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Expressed sequence tag library of the marine green alga Tetraselmis suecica: a focus on stress-related genes for marine pollution

TitleExpressed sequence tag library of the marine green alga Tetraselmis suecica: a focus on stress-related genes for marine pollution
Publication TypeJournal Article
Year of Publication2018
AuthorsSathasivam R., Guo R., Wang H, Lim W.A, Ki J.S
JournalJournal of Applied Phycology
Date Published2018/08
Type of ArticleArticle
ISBN Number0921-8971
Accession NumberWOS:000440782100022
Keywordsabiotic stress; ascorbate peroxidase; Biotechnology & Applied Microbiology; chlamydomonas-reinhardtii; chlorella-zofingiensis; cyclophilin gene; dinoflagellate prorocentrum-minimum; endocrine-disrupting chemicals; Expressed sequence tags; genome-wide analysis; Heat shock proteins; heat-shock proteins; Marine & Freshwater Biology; oxidative stress; Stress-related genomics; Tetraselmis suecica; Toxicogenomics; Toxicological assessment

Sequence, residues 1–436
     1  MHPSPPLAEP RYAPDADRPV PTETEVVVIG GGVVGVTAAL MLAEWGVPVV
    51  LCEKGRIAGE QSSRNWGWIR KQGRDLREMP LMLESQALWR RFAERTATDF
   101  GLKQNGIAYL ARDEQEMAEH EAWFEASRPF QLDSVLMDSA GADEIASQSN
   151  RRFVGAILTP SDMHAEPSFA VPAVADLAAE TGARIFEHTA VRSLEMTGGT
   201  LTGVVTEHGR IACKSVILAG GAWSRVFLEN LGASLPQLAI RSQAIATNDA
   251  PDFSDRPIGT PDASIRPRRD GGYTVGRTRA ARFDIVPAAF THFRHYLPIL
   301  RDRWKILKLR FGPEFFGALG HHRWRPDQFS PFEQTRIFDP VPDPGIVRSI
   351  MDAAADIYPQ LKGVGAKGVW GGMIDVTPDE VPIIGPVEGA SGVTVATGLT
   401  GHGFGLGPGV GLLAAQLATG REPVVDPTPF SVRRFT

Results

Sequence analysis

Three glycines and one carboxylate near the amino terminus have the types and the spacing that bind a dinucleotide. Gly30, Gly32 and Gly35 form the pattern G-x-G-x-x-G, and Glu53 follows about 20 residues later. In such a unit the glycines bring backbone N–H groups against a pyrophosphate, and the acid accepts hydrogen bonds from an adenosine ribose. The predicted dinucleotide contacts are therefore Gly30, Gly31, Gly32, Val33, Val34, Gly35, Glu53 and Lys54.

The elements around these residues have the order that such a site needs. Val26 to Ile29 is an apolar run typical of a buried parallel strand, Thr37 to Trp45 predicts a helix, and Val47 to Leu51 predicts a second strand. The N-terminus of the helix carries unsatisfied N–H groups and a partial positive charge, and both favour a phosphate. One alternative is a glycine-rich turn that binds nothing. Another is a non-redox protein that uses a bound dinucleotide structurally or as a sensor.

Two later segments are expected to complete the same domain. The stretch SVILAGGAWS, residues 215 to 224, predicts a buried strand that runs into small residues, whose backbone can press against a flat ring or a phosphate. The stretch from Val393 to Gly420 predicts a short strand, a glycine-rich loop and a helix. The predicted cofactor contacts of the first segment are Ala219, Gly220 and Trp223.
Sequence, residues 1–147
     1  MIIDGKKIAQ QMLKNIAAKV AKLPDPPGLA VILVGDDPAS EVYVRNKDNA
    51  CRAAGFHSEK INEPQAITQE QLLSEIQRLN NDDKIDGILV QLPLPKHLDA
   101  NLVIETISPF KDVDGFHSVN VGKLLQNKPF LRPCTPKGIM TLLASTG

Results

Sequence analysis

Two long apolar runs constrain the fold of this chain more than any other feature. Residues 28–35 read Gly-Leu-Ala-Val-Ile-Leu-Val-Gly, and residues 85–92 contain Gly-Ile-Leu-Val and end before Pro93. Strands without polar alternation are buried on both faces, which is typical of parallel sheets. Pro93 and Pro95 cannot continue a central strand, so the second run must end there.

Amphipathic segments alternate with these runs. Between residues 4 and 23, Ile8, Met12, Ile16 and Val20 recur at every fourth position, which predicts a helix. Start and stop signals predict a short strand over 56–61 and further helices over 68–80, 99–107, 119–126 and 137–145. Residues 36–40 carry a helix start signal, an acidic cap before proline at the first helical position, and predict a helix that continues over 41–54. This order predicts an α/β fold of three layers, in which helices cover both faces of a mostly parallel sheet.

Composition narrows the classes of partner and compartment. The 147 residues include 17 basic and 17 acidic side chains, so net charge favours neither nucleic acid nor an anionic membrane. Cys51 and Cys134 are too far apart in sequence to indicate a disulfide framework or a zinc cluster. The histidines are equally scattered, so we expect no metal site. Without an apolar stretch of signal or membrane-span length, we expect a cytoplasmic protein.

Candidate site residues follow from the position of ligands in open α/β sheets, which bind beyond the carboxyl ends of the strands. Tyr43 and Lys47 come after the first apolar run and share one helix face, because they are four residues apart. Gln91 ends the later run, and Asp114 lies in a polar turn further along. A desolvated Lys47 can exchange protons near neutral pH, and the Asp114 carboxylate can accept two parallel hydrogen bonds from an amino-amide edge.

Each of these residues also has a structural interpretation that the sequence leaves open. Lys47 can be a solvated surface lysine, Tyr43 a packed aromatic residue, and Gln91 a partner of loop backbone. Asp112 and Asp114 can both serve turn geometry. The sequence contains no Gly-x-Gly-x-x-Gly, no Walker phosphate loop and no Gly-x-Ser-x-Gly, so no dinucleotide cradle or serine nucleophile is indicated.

The marine green microalga, Tetraselmis suecica, is an important food source for aquaculture, lipid source for biofuel production, and a potential model organism for toxicity assays because of its rapid growth and ability to produce useful chemicals. In order to gain molecular toxicogenomic insights, we determined expressed sequence tags (ESTs) of T. suecica by pyrosequencing, and attained 741 K reads, including 290 Mb of cDNA information. Upon data processing, 24,651 contigs and 19,072 non-overlapping fragments were acquired and deposited to the NCBI non-redundant and gene ontology databases. Of these, 11,292 contigs and 1848 singletons were annotated. From the EST data, we found that many previously identified stress-responsive protein-coding genes were included. The data were further investigated with a focus on heat shock protein (HSP) gene families, with most characterized HSP genes present in our ESTs. In addition, the expression of HSP70 and HSP90 was significantly increased after T. suecica cells were exposed to metal contaminants. This work expands our understanding of stress-related genomics of T. suecica and further evaluates a potential use of oxidative stress-related genes as biomarkers, in particular HSP involvement in environmental genomics and marine toxicological assessment.

Short TitleJ. Appl. Phycol.
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